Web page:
Thoughtful reflections on art & how it gets supported in the U.S. these days:
Marian Godfrey, longtime director of Cultural Initiatives for the Pew Charitable Trusts in Philadelphia, and now cultural advisor to the Berkshire Taconic Community Foundation, has written a fascinating manifesto, taking on the too frequent gap between the thrill of art and the existing mechanisms of support for that work. She assesses the current realities and proposes a hopeful vision. Well worth consideration!
“Only Connect the Prose and the Passion” A Manifesto
by Marian Godfrey
Originally a keynote at the Haystack Mountain School of Crafts’ Cultural Summit 2012
Adapted into an article published in the Grantmakers in the Arts Reader, , Vol. 24, No. 1 Winter 2013
© Grantmakers in the Arts Reader
"Over the years I have struggled with the contradiction between my work as an arts administrator, which is mostly deeply prosaic, and my experiences of passionate encounters with art — of being literally exalted — in the theater, in music, in museums, even in the presence of great buildings."
"So why do we need a manifesto? A manifesto is a claim that something in the world needs changing,and that particular beliefs and actions are required to make the world better. The institutional structures that underpin the arts community have deep problems today. But the arts themselves are thriving, or at the very least as well off as they ever have been."
"I sometimes think funders are like the proverbial drunk looking for his keys under the lamppost on a dark night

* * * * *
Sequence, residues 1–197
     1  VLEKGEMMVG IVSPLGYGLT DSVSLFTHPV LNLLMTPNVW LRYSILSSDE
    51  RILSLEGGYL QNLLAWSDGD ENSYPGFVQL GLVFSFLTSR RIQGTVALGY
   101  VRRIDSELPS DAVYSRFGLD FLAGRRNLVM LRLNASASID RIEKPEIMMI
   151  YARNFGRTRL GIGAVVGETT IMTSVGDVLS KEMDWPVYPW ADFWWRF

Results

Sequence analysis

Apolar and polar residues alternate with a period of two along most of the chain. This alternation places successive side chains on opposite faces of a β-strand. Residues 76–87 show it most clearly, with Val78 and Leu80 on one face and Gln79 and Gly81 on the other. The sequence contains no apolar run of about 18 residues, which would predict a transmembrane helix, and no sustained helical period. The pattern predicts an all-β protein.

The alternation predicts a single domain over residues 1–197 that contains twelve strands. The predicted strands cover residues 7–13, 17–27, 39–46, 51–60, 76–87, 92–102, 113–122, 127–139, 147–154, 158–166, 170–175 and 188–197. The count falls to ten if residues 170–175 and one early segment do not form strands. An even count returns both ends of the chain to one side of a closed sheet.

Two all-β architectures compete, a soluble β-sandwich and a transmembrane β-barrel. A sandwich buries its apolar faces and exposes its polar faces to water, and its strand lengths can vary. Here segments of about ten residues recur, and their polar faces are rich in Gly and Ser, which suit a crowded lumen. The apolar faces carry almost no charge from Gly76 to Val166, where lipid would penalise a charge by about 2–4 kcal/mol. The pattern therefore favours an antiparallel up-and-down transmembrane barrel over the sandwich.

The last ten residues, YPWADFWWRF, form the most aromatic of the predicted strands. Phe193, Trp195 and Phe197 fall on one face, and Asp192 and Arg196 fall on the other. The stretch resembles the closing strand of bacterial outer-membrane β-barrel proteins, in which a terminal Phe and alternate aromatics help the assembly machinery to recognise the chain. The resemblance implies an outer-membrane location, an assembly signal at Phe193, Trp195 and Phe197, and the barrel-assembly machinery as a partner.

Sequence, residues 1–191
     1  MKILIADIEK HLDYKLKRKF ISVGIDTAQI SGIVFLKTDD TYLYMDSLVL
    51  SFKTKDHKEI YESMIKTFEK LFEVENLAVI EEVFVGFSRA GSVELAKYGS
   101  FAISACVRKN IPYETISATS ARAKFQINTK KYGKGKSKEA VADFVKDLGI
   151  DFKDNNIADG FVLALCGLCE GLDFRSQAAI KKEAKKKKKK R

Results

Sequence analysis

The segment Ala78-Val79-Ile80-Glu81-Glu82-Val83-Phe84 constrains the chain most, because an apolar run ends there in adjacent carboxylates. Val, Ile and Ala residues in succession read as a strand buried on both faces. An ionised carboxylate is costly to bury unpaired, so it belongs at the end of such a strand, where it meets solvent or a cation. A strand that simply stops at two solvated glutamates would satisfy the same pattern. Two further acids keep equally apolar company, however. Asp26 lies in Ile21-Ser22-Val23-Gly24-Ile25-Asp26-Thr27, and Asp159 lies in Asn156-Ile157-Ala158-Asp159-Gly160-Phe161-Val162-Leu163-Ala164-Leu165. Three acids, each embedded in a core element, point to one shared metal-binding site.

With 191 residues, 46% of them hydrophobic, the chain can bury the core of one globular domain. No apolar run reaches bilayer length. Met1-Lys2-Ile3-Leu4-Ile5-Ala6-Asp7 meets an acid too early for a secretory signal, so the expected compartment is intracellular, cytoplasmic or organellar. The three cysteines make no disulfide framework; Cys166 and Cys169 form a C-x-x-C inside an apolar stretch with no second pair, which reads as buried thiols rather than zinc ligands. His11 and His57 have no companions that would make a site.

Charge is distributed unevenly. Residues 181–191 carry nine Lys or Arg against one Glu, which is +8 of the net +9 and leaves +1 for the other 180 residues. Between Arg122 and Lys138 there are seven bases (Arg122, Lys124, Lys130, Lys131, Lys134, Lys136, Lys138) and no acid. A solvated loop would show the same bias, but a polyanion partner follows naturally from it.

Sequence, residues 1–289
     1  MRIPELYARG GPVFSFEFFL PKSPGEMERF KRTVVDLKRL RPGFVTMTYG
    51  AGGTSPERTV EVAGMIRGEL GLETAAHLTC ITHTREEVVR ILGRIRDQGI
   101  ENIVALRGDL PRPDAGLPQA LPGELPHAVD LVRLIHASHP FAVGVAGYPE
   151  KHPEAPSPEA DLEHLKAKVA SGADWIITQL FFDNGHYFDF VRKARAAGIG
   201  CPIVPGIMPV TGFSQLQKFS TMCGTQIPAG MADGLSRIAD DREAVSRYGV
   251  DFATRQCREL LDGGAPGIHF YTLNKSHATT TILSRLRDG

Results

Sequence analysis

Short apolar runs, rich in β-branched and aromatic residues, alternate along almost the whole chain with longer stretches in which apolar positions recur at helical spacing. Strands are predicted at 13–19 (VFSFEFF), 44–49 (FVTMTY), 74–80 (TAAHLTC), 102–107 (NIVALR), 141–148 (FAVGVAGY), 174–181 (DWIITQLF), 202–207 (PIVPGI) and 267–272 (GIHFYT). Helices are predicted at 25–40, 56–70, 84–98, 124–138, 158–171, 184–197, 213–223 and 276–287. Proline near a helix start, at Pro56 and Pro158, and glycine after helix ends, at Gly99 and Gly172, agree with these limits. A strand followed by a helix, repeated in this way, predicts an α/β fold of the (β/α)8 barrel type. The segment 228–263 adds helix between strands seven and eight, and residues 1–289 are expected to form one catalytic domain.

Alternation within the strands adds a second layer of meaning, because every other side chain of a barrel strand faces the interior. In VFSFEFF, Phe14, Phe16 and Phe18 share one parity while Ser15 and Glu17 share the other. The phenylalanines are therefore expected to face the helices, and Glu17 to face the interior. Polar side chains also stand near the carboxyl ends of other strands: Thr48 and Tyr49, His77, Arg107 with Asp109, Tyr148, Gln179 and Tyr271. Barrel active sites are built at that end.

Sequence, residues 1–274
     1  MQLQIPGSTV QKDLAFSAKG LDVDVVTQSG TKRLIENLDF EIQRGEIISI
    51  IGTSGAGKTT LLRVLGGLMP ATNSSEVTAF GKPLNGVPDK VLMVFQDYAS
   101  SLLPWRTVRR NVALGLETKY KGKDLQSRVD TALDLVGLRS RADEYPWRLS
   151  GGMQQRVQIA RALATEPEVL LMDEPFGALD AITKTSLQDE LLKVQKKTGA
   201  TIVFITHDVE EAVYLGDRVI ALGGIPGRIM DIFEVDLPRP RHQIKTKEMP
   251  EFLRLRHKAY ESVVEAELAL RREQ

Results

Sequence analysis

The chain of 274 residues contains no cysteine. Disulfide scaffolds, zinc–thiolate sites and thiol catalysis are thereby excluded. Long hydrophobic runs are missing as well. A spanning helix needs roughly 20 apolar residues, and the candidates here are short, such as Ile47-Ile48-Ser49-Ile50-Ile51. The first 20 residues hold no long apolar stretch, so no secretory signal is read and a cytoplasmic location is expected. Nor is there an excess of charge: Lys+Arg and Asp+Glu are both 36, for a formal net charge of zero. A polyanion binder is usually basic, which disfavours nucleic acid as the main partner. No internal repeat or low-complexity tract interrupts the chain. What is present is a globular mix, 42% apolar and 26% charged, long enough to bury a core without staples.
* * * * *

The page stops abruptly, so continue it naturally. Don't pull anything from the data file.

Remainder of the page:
because that is where he can see: by and large, we look to fund “excellence” and “innovation” only in particular kinds of arts organizations with which we are already familiar. These are organizations that our charters permit us to fund — usually restricted to 501(c)(3) nonprofits — and that our governing boards know and sometimes love. Major institutions such as symphonies and museums fit the bill, as do some smaller museums and performing arts,visual arts, and/or heritage organizations. But these kinds of organizations are not necessarily — certainly not always — where the action really is, whether you are talking about truly adventurous new work that excites audiences, or artists and organizations that work closely and in a sustained way with their communities and address the deep-seated cultural and social inequities that are too often ignored by the“mainstream” institutions."
"a reason for hope is that artists and arts organizations have been coming into focus, recently, as having something desirable to offer to others who are trying to figure out how to navigate the twenty-first century."